There also is therapy and counseling towards examining a client’s motivation about changing perceptions of their sexual orientation. The APA’s policy (1998), “Appropriate Therapeutic Responses to Sexual Orientation,” offers a framework for psychologists that work with clients who are concerned about the implications of their sexuality.

As mentioned above, religious institutions and one’s gender expression or sexuality can be a complex relationship. Sometimes, for an individual seeking to reconcile both their religion and sexuality, the ultimate goal may be to be at peace with both, rather than choosing one or the other.

One of the major differences with counseling centered around the queer experience or ‘come as you are’ is that it does not seek to solve the problem of their sexuality, as counseling through a religious institution might (a marriage counselor through a church, for example). This highlights the importance of individuals having many different goals with counseling and not falling into black and white thinking when coming out or exploring one’s sexuality.

For gay men facing these questions, these pressures to decide one way or the other can be especially difficult. In a heteronormative society, the burden of responsibility for relationships of a partner or family member can feel like it rests on the male individual (physical needs, financial needs met, etc.) But the one part of therapy is not that a decision has to be made. It is so one comes to terms with their sexuality and their relationship with self.

Benefits

One of the biggest benefits of helping improve one’s quality of life is using therapy to honestly voice their problems and questions for themselves in a place of non-judgment. This can prove especially helpful if individuals find themselves in social isolation for who they are but may not know why.

Friends and family can, and in the best-case scenarios, be there for support and understanding. But in the cases where they are not or are the cause of seeking therapy, counselors can prove helpful to address loneliness.

Statistically, most LGBT people find themselves more lonely than those that identify as heterosexual. The confusion, stress, lack of intimacy, fear, and possible abuse could all be stressors leading to loneliness, if not treated, can lead to depression. The general social isolation with feeling misunderstood can be a heavy burden for someone to bear.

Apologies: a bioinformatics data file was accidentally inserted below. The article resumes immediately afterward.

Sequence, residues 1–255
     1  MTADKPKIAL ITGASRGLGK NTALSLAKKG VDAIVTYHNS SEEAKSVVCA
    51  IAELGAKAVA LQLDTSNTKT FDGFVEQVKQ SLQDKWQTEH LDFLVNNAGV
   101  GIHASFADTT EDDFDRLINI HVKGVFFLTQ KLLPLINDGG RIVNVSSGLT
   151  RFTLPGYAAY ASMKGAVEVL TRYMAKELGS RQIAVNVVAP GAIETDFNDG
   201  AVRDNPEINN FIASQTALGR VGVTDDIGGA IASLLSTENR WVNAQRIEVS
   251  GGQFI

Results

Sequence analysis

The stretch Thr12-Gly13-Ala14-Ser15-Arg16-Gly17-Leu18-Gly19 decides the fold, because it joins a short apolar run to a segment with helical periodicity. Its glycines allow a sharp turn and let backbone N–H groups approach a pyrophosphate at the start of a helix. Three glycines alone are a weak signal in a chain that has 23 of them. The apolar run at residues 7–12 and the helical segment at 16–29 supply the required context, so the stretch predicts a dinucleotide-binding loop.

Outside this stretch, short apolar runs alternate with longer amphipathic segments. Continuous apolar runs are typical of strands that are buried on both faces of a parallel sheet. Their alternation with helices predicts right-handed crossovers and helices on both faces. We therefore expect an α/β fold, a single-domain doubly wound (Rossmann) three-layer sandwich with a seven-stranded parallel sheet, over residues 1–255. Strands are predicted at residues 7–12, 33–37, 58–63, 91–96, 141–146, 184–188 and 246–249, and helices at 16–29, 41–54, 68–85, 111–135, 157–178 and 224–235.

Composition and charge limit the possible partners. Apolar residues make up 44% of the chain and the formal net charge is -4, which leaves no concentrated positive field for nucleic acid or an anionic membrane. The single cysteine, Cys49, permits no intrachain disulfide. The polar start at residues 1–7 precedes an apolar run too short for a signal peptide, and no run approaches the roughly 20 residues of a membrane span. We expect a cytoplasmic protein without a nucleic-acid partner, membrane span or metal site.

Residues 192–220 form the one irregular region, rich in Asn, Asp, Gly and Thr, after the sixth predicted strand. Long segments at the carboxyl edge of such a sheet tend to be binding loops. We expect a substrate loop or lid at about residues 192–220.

One thing finding a therapist that is gender-affirming can help with is the coming out process. The term “coming out,” depending on the counselor, is often more a spectrum than a status. It is not always the end goal of counseling.

An appropriate therapist should be aware of cultural differences and consider the well-being of the individual first and foremost, and sometimes, depending on the situation, coming out can be the least safe option.

With this in mind, a good therapist ultimately should be supportive, acting as an advocate and cheerleader for their client. A therapist, a life coach, or a counselor should ultimately guide their client towards acceptance, providing emotional support, or being informative, so an individual exploring their identity is not afraid to explore and process their feelings, thoughts, and emotions.

Conclusion

Ideally, a client can feel free in counseling to explore and go on a journey of self-exploration. However, a gay or LGBT client has unique counseling needs. Awareness of microaggressions, how a heterosexist society affects an individual are all part of psychotherapy. That being said, culturally, many counseling services are operated out of institutions that are traditionally not affirming of fluid sexual identity or of the LGBTQ community.

For men seeking to better understand themselves, social stigma can seem to be more overbearing as some cultures may not see therapy as an acceptable outlet. Religious institutions may offer queer affirming therapy but may focus on other aspects of mental health issues or stressors, such as family members, schools, or self-esteem, rather than a client’s relationship with themselves.

While not endorsed by the larger clinical institution, it is necessary to remain open to the many solutions to addressing an individual’s mental health. Client confidentiality and confidence are critical to assess when one is choosing the right therapist. this can be true of any individual seeking help from a counselor.

Most professionals advertising on the Internet resources are fairly transparent, but it is up to the individual to assess whether they are an appropriate match for each other.